R 1998 | Action
There are two kinds of car chases in movies these days: the kind where cars jump helicopters or the occasional truck-turned-robot, and the kind where regular men swerve regular cars at nail-biting, breakneck speeds. Ronin deals in nail-biters. Legendary director John Frankenheimer helms a taut action/adventure tale of mercenaries brought together in search of a mysterious briefcase. And when those guns-for-hire happen to be the likes of Robert De Niro and Jean Reno, you know you're in for a show.
Trailers + Extras
- Ronin Trailer
- The Making of Ronin A look behind the scenes
- I'm Getting Paid to Go The crew figures out where they need to go
- The Price Has Gotta Go Up De Niro Negotiating getting the briefcase
- De Niro in Paris Action on the set of Ronin
- Raving About De Niro The cast & crew talk about working Robert De Niro
- Foreigners Unite Casting the movie from all over the world
- A Legendary Director Frankenheimer talks about directing with the cast
- Ronin Trailer
Top 10 Fun Facts
- The title of the film comes from the Japanese term for a samurai without a master. Apparently Wandering Freelance Sword Guy didn't have the same ring to it.
- James Bond junkies will recognize three of Robert De Niro's co-stars as men who dared to take on 007: Sean Bean in GoldenEye, Michael Lonsdale in Moonraker and Jonathan Pryce in Tomorrow Never Dies. Surprisingly, no shark tanks, switchblade shoes or vats of acid were employed during the filming of Ronin.
- Ronin by the numbers: 80 automobiles were destroyed during filming; car chase scenes required up to 300 stunt drivers; 2,000 extras were used in the final scene at the Paris Zenith. That adds up to a very, very long line at the craft services table. Not to mention the DMV.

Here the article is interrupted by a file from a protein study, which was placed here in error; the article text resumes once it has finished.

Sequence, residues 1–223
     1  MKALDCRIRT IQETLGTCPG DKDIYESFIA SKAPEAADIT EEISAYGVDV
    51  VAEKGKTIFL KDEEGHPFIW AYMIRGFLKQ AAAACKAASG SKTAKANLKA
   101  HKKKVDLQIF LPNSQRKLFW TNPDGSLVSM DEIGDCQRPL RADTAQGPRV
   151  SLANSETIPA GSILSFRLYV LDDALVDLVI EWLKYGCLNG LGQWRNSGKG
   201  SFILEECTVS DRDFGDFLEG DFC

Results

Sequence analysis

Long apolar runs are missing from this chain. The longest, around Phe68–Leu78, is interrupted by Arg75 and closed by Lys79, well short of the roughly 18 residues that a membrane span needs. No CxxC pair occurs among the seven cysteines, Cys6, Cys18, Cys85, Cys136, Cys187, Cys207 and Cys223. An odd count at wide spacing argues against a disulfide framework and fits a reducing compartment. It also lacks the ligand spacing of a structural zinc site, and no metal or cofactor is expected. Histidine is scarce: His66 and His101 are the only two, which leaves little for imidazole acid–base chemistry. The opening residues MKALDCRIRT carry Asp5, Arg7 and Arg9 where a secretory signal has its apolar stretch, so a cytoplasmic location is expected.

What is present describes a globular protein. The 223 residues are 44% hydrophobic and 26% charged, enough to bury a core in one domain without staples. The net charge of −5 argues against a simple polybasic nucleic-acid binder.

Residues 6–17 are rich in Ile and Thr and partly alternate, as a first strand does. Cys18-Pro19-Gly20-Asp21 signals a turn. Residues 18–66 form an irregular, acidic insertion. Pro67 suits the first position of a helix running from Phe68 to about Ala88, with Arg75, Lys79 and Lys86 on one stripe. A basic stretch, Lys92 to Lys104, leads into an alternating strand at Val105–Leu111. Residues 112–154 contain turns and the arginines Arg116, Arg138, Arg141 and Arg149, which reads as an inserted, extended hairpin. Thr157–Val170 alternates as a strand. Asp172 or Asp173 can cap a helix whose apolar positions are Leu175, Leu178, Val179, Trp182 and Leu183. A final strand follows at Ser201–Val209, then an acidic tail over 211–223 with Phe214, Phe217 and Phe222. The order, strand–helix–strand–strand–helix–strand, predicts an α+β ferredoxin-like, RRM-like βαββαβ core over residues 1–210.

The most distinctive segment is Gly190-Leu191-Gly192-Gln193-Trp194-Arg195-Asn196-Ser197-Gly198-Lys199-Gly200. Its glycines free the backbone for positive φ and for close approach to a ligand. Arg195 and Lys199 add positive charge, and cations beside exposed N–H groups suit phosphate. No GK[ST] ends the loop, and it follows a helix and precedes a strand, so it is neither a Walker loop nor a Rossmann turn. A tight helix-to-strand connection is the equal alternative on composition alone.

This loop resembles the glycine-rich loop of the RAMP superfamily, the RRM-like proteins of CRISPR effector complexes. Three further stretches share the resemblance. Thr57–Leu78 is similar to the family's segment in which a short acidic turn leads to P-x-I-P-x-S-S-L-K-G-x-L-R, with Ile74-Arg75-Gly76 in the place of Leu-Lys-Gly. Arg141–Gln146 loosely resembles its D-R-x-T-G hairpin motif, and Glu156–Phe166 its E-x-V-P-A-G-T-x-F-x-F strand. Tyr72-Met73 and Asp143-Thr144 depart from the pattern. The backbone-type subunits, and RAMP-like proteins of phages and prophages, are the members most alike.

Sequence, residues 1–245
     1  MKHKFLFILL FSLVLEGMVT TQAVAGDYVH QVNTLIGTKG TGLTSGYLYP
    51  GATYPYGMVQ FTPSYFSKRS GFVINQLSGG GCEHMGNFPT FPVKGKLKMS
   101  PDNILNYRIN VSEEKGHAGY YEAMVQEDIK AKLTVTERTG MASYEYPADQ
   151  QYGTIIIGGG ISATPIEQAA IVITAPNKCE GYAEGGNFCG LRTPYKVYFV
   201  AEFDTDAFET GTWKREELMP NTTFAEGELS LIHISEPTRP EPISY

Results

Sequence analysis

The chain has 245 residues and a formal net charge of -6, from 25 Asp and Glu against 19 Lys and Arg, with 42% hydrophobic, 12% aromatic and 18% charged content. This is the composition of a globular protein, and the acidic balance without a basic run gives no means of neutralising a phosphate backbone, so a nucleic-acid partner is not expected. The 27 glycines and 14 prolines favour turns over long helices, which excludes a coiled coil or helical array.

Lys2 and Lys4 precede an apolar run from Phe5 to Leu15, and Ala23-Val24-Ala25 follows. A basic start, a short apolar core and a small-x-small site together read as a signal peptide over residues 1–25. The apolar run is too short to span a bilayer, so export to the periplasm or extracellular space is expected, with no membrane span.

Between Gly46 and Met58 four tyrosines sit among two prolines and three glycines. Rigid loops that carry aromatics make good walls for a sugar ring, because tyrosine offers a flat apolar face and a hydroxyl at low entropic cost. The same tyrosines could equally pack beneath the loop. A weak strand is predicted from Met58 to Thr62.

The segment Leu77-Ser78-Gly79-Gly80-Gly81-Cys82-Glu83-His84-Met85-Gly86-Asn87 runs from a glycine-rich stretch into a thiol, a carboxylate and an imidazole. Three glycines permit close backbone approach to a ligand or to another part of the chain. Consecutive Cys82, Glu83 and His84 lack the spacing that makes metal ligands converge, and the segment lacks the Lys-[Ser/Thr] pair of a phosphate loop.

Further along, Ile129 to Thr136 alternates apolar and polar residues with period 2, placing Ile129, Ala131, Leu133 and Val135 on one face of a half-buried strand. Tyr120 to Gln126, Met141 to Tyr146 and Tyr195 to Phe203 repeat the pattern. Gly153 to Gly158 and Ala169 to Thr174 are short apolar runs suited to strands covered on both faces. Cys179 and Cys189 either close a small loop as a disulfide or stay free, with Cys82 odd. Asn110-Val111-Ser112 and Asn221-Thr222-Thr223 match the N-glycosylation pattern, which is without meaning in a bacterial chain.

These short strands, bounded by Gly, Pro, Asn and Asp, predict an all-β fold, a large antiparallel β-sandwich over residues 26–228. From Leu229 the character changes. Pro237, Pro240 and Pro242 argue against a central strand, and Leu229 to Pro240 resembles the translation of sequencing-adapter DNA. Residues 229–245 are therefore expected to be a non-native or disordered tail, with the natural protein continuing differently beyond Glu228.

- There's professional, and then there's professional: one of those 300 stunt drivers was retired Formula 1 driver Jean-Pierre Jarier.
- Not to be outdone by Mr. Fancy-Pants Grand Prix Racing Pedigree, actor Skip Sudduth performed almost all of his own stunt driving.
- For the less daring among the cast, right-hand British cars were used with phony steering wheels installed on the "driver's" side. Stunt drivers controlled the cars from the shotgun position, while Robert De Niro and Natasha McElhone acted their way through the ultimate theme park ride.
- In case you're making a pilgrimage to Paris to hunt down all your favorite locations from the film, take note that the "Bar Montmartre" in the opening scenes is actually The Blue Sky Restaurant on Rue des Trois Frères. Update your travel itinerary accordingly.
- The ill-fated figure skater is played by none other than two-time Olympic gold medalist Katarina Witt. Always nice to see someone's triple salchow skills put to good use.
- Porn legend Ron Jeremy had a small cameo as a Parisian fishmonger, but was removed from the final cut of the film after test audiences tittered when they recognized him. Don't feel bad for The Hedgehog, though-surely it wasn't his first (or last) time playing a fishmonger.
- Screenwriter David Mamet wanted sole writing credit on the film after completely reworking J. D. Zeik's story. When told he would have to share credit with Zeik, Mamet opted to use the pseudonym "Richard Weisz" instead. In Hollywood parlance, that's called taking your ball and going home.